No, it's not as taxing as "Giant Steps," the obstacle course that Coltrane would launch on the world two years later, but "Moment's Notice" is still luxuriating in the harmonic maximalism that characterized this stage in the tenorist's evolution. Almost any melodic phrase or scale you rely on for soloing over bar one is unlikely to work for bar two — and this unsettling discontinuity continues for most of the song. Shortly before the final turnaround, Coltrane lets the improviser relax for a brief spell with only one chord change per bar blocking the road ahead. But this is merely time for a deep breath before the form returns to the top, and the battle begins all over again.
So it's a good workout, the musical equivalent of a full circuit around the Nautilus gym.”
Which brings me to tenor saxophonist Ben van den Dungen’s new CD Ben van den Dungen Quartet ”Live At Lux & Tivoli” on which Moment’s Notice features as the third track.
[Ben does not play Giant Steps on any of his recent quartet CD’s but he did perform it in 1988 as a member of Nueva Manteca on their Varadero Blues album and I have included a YouTube link to it at the conclusion of this piece.]
This a a prepared album in that Ben, along with pianist, Miguel Rodriquez, bassist Marius Beets, and drummer Eric Ineke [with Gijs Dijkhuizen, Ben’s regular drummer, in on tracks 6 & 7] have taken the time to create arrangements for each of the tunes and songs. In other words, it’s not a blowing session; a great deal of thought, planning and preparation has gone into the making of this recording and its shows in the consistently high level of creativity the music attains.
The other welcomed dimension is that it’s music is performed before an audience which always seems to give Jazz a special magic as the energy that the audience brings is transferred to the musicians which results in the quality of the music being kicked up a notch.
Although, five of the seven tracks are devoted to compositions by John Coltrane, it’s a varied program with ballads After the Rain, and I Thought About You, medium tempo cookers Wise One and Mr. Syms interspersed between up tempo burners such as Like Sonny, Moment’s Notice, and Afro Blue [which cleverly has Frank Loesser’s The Inch Worm added as a tag].
Throughout, the listener can revel in Ben’s big, bold and bountiful sound for in his hands, the tenor is appropriately named The Big Horn. While Coltrane chromatics, harmonics and chord substitutions are everywhere apparent in his playing, Ben never gets away from a powerful and primary swing in his soloing. He drives the music forward with a pulsating sense of urgency.
And while, for obvious reasons, ‘Trane is always a presence in Ben’s approach, you also hear a lot of Sonny Rollins, Dexter Gordon, and some occasional Johnny Griffin flights of fancy in some of the fast runs he incorporates into his playing. Ben is the real deal; he comes to play.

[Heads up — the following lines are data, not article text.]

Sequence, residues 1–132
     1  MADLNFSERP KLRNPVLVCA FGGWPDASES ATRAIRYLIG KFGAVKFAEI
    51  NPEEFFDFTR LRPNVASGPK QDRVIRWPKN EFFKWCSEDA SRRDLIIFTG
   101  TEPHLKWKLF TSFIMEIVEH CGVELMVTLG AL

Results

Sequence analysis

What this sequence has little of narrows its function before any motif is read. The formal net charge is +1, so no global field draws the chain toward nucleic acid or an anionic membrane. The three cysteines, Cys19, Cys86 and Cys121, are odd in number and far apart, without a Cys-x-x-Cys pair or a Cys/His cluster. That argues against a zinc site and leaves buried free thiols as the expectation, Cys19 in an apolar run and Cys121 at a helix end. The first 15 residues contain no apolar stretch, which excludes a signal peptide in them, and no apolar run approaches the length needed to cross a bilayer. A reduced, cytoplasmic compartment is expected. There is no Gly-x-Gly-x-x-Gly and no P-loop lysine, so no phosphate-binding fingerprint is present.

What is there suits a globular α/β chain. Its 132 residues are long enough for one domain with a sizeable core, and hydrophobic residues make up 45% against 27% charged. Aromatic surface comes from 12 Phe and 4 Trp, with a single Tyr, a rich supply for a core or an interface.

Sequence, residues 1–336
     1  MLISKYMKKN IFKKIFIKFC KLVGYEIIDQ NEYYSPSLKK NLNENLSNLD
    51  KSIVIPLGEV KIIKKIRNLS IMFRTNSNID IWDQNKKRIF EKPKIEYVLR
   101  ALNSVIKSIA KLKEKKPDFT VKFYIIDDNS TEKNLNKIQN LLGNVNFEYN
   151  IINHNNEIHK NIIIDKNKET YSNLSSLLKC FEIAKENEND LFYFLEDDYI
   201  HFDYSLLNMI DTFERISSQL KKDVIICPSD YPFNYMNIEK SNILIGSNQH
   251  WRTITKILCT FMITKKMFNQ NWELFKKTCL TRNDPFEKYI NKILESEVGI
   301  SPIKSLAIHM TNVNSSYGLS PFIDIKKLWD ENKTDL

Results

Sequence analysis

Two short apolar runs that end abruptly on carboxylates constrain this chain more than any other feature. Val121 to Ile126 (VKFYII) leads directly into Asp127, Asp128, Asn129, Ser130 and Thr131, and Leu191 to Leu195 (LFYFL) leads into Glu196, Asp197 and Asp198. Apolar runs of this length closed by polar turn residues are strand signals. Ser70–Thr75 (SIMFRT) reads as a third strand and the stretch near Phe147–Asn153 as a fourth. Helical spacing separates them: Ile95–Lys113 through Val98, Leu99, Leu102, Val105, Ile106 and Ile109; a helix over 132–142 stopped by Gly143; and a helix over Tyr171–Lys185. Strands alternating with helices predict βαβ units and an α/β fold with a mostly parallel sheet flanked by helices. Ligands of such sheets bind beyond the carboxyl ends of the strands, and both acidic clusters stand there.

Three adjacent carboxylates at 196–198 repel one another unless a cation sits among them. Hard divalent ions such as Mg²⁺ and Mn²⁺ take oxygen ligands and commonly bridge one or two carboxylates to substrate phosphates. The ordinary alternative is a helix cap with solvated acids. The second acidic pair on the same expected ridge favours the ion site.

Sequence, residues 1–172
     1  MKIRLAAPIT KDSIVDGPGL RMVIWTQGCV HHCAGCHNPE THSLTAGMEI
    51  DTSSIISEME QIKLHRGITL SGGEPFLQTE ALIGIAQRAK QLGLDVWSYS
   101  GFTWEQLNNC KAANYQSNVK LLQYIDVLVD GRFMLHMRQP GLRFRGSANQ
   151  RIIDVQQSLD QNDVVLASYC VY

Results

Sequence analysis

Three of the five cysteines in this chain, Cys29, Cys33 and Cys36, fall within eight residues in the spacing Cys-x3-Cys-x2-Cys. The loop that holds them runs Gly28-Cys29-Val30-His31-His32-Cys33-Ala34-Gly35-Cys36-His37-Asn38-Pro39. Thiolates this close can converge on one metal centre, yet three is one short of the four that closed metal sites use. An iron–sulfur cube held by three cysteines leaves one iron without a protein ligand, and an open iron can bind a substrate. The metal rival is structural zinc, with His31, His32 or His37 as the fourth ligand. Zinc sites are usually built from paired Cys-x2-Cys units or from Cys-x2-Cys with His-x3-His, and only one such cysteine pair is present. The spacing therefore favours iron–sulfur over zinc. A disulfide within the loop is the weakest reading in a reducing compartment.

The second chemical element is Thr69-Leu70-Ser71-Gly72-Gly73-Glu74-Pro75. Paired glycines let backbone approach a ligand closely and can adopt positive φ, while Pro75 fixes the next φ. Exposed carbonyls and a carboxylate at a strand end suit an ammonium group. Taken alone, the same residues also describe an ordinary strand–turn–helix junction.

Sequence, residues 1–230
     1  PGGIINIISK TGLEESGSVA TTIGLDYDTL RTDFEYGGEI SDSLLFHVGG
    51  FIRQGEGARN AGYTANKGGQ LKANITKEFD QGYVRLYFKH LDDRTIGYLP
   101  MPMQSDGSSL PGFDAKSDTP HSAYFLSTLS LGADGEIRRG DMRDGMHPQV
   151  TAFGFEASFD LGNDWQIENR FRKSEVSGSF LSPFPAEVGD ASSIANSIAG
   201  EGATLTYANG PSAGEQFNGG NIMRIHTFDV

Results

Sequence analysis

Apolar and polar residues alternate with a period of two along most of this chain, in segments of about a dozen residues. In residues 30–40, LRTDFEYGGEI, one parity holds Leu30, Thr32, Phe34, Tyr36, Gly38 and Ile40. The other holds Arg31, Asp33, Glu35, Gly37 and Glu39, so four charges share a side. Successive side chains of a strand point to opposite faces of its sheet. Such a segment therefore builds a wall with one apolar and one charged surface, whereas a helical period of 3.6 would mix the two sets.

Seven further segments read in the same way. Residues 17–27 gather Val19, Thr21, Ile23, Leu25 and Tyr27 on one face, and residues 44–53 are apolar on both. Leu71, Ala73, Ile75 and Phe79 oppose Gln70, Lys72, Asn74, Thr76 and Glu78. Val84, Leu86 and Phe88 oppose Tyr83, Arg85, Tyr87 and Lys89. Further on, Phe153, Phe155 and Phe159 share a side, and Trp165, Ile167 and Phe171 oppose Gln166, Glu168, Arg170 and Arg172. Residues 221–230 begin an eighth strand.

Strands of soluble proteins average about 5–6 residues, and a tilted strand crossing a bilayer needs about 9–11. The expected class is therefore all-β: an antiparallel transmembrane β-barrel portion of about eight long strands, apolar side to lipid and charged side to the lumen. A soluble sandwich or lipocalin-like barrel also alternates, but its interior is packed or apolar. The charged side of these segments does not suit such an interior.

Throughout he is aided and abetted by a driving rhythm section of Miguel Rodriguez, Marius Beets and Grand Jazz Master Eric Ineke whose classic straight-ahead drumming is featured on two choruses of Moment’s Notice.
Miguel, Marius and Gijs Dijkhuizen have been with Ben on Ciao City , A Night at the Club  and 2 Sessions  and have evolved into a very cohesive rhythm section, as well as, individually defined voices on their respective instruments.
In terms of the Dutch Jazz scene, Rodriquez is the relative newcomer in the mix, but he plays with a maturity well beyond his years, both as an effective accompanist and as a soloist whose inventions bubble over with seemingly endless ideas. As usual, Marius is his usual immoveable self: keeping time, framing the chords and contributing masterful solos on Wise One and Mr. Syms. And one wouldn’t have to look too far to find the next “Eric Ineke” in Dutch Jazz circles as drummer Gijs Dijkhuizen will ably fill that role.
Ben’s albums are always satisfying as the music on them quickly brings the listener into an atmosphere filled with the essence of swinging and sonorous Jazz. He envelops you in his music; it’s like he gives you the musical equivalent of a big bear hug.
Van den Dungen Jazz is exciting, adventurous and burning with intensity.
If, as Louis Armstrong says, “Jazz is who you are'' - then the music on Ben van den Dungen Quartet ”Live At Lux & Tivoli” will leave you in no doubt as to who Ben van den Dungen is - one, monster Jazz tenor saxophonist!
You can sample this music on the Jazz and Worldmusic Agency website and locate order information by going here.